While the world’s attention is focused on scenes of barricades in central Cairo, the political and media spotlight has finally come to illuminate the social crisis underlying the Arab worlds’ dictatorial regimes. In 2008, Queen Rania of Jordan warned t …
While the world’s attention is focused on scenes of barricades in central Cairo, the political and media spotlight has finally come to illuminate the social crisis underlying the Arab worlds’ dictatorial regimes. In 2008, Queen Rania of Jordan warned that unemployed youth in the Arab world constitute a ‘ticking time bomb’ which, if not diffused, could lead to social unrest. She was correct, if events in Tunisia and Egypt are anything to go by.
The Arab revolt is anchored in a complex mixture of factors. These range from rulers that have overstayed their welcome in presidential palaces by a few decades (3 in the case of Mubarak), to frightening social conditions wherein 80% of the region’s unemployed are under the age of 30.
A whole third of the Arab world’s population is between the ages of 15 and 24. Elite self-enrichment combined with political repression raises many painful questions about the modes of economic accumulation, and the strategies some of these countries can adopt to diversify economies to accommodate a demographic bulge of youthful, educated and unemployed people.
The political situation in Egypt and the open revolt that has spilled onto its streets is echoing through the region. Yemen is one country that has not been in the media eye as much as Egypt. The current waves of protest against President Ali Abdullah Saleh, may see Yemen become the eye of another geopolitical storm in the Middle East. Yemen is ranked 18th on the Failed States Index produced by the Foreign Policy magazine and the Fund for Peace.
But, more important than the current protests are the two ongoing insurgencies the government has been battling. The northern battlefront has already drawn Saudi Arabia to launch military incursions into Yemeni territory to fight back Huthi rebels. The second battlefront lies in the south where a secessionist movement has been calling for independence. Coincidentally most of Yemen’s oil is located in the south.
Until 1990, Southern Yemen was the only Marxist state in the Arabian peninsula. It was called the Peoples Democratic Republic of Yemen. But, when the Iron curtain fell its main artery of economic and political support evaporated leading to its unification with north Yemen.
This has proved to be an unsteady marriage, and typical to resource conflicts, southern Yemeni’s complain about a lack of development although their region is home to the resource wealth of the country.
Mixed into this political melee is the spice of al Qaeda, which is said to have made a comfortable home for itself in Yemen. This, of course, also explains US Secretary of State Hillary Clinton’s surprise visit to Yemen last month when she indicated that Yemen’s fight with al Qaeda is a priority for both Yemen and the US. Yemen is thus not only politically dysfunctional and torn apart by three active battlefronts (one being the front of international terror and counter-terror operations), but also weak and totally militarised.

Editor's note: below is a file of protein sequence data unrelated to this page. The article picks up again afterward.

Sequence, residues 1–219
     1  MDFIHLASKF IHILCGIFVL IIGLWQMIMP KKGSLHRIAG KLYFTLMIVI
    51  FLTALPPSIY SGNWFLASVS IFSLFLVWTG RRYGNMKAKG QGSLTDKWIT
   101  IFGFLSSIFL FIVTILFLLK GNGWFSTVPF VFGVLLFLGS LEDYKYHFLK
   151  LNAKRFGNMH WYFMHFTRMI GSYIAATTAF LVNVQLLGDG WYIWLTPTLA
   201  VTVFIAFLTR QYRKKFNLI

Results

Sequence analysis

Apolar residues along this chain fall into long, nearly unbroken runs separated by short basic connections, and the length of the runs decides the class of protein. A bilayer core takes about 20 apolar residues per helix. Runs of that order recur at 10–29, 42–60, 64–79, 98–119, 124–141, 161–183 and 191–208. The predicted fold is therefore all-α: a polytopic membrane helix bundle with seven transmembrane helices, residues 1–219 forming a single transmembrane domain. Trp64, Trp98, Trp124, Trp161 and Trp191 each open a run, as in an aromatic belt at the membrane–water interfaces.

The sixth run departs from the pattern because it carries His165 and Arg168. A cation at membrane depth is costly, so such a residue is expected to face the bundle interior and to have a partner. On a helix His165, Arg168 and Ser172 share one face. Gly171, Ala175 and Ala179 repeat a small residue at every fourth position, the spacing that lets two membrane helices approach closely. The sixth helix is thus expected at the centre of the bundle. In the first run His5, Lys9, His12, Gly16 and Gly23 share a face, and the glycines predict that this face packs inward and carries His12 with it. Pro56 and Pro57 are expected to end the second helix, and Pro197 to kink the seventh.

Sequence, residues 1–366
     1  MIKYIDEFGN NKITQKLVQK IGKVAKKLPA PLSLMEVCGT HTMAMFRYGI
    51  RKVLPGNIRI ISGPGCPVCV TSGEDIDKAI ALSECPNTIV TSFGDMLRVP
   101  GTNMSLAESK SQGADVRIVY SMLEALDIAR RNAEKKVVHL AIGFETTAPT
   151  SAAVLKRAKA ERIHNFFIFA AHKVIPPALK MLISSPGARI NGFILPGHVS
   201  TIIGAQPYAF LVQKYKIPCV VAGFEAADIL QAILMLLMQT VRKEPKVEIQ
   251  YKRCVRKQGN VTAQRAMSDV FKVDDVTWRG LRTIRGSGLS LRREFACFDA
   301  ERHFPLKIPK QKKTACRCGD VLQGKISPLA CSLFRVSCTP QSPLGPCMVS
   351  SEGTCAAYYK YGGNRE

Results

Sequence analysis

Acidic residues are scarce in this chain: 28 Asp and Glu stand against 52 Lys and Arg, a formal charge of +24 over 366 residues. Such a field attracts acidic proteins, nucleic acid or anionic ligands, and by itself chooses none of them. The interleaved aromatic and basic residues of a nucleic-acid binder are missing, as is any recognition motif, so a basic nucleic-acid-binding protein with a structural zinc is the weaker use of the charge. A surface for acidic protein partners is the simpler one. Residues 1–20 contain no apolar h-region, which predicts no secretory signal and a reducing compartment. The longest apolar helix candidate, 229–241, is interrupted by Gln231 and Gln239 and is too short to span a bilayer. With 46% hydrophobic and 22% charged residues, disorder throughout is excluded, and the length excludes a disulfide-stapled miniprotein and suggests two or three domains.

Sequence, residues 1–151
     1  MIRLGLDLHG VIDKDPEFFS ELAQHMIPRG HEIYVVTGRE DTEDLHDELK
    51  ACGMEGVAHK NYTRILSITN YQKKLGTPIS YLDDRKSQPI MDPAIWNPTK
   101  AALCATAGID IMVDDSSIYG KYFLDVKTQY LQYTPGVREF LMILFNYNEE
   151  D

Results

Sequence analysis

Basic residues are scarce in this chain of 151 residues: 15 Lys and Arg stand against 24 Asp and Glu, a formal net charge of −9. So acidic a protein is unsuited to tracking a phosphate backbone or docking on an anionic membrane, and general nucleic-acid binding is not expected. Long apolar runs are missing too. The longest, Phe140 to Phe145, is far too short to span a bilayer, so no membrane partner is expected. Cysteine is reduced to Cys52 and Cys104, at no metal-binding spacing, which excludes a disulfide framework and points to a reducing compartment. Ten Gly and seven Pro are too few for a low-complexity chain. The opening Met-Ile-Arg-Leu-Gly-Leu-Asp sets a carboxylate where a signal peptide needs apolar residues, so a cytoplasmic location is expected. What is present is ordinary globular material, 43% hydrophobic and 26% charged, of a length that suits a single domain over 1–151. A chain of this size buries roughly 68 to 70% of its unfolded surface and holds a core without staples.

Why is this relevant for Africa? One reason is the fact that across the narrow Gulf of Aden one finds Somalia, which share not only cultural and religious roots with Yemeni’s, but more importantly, the Horn of Africa has been a post-state battlefront for two decades already. As the world is worried about the impact political instability in Egypt may have on the crucial choke-point of the Suez canal, escalating conflict in Yemen will also increase insecurity in the Gulf of Aden which provides access to the Suez canal further north.
Somalia and Yemen thus share pirate infested waters, ongoing multiple insurgencies, and weak- or already imploded states. This means that even though Egypt and Yemen may have popular uprisings in common, a distinct difference between the two is that (for now, maybe) Egyptians may be using their bodies and bricks torn from sidewalks as weapons against an intransigent ossified political order, but in Yemen, an AK 47 is never too far from reach.
This makes the protests in Yemen not only potentially more deadly, but more like a lethal political cocktail with the following ingredients: a dash of the geopolitics of the US war on al Qaeda; Saudi Arabian paranoia and armed cross-border incursions; a shot of secessionist oil politics in the south; and now a good measure of local political dissent in the spirit of Tunisia and Egypt.
The space to watch in the Arab world may therefore be Yemen, seeing that it has all the potential of blowing up badly if, in fact, it is shaken or stirred in the wrong way. Nevertheless, as Egypt teeters on the brink of an ugly political abyss and Mubarak behaves like a mummy that refuses to leave his pyramid of political power, the rest of the Arab region is looking slightly worse for wear at this stage.
by Petrus de Kock